How Much Talent is Necessary?

In our church there is a lady who obviously loves God with all her heart and worships Him. She has asked about becoming one of the music ministry singers but she does not sing very well. I’m not certain how to handle this.

As a general rule it is necessary for a person to have some level of proficiency in the task they are desiring to perform. This is true in nearly any area of life—brick laying, cooking, computer programming, and, yes, music ministry. This seems obvious. The difficult part is determining exactly what level of proficiency is adequate for the situation.

Some churches are comfortable with taking someone not very skilled and having them improve as they participate. This is a sort of learn-as-you-do-it approach, almost an apprenticeship concept. These churches frequently use the numerous “make a joyful noise” passages as their basis. Other churches have very strict criteria that demand those involved be at an extremely high level of musical proficiency. Churches from this school of thought would point to Psalm 33:3 as their guide: “play skillfully.” And of course there are many churches that position themselves somewhere in between these two extremes. So what’s the right answer?

Unfortunately, Scripture does not give clear instructions on the correct answer to this question. The temple musicians listed in 1 Chronicles 25 were all “trained and skilled in music” (1 Chronicles 25:7). However, it goes on to say that the “young and old alike, teacher as well as student, cast lots for their duties” (1 Chronicles 25:8). Although they all had at least some level of skill, apparently there was no forethought given to putting the less-skilled musicians with the more accomplished ones. No distinction seems to have been made.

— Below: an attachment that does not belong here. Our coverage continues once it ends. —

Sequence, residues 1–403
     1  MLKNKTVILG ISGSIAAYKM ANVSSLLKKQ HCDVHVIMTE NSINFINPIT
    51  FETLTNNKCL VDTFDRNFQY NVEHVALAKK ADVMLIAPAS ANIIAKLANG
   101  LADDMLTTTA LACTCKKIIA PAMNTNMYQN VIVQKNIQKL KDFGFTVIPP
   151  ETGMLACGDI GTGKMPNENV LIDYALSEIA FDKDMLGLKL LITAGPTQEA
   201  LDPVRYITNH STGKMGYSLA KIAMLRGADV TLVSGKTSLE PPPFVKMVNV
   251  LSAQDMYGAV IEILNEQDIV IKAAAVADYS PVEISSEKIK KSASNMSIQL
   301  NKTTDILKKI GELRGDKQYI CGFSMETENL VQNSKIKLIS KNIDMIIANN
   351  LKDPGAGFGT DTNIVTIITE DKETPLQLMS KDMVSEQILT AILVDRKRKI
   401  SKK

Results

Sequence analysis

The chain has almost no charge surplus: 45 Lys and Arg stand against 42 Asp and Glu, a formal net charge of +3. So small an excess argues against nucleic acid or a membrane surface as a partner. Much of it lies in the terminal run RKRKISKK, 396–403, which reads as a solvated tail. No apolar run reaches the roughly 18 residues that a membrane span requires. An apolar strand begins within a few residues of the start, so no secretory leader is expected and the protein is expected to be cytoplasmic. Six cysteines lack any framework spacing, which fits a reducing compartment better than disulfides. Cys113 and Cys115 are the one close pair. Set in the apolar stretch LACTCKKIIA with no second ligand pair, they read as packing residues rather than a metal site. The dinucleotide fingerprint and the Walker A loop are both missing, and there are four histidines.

Since the Bible does not give a clear indication in one direction or the other, then it seems safe to assume that either could be correct depending on the situation and circumstances. A smaller church may find it necessary to recruit people of lower skill levels, simply because that is what is available. Larger churches, with more people to pick from, may decide to raise the standard.

The important point in all of this is to decide what is right for your church. Maybe the apprenticeship concept will work well for your situation, and after prayerfully considering it, you decide it is right for your congregation. Great. Do it with all your might. However, in following that course, don’t begrudge another church’s decision to follow a different path. Decide what is right for your setting and your people and then do it. (Of course, it should be obvious that as your church grows, you may decide to adjust your standards.)

One final practical thought: if the person’s singing ability is so poor that it would be distracting, you might be able to offer another part of the worship ministry as a place of service. Things like running the video projection or organizing the worship ministry music can be real acts of service and allow the person to be involved in the worship ministry.

Formulate carefully thought-out and clear guidelines of what type of criteria will be used to decide who does (or does not) participate in the music ministry. Share these with those who are interested. This will save you from needing to make up the rules as you go along.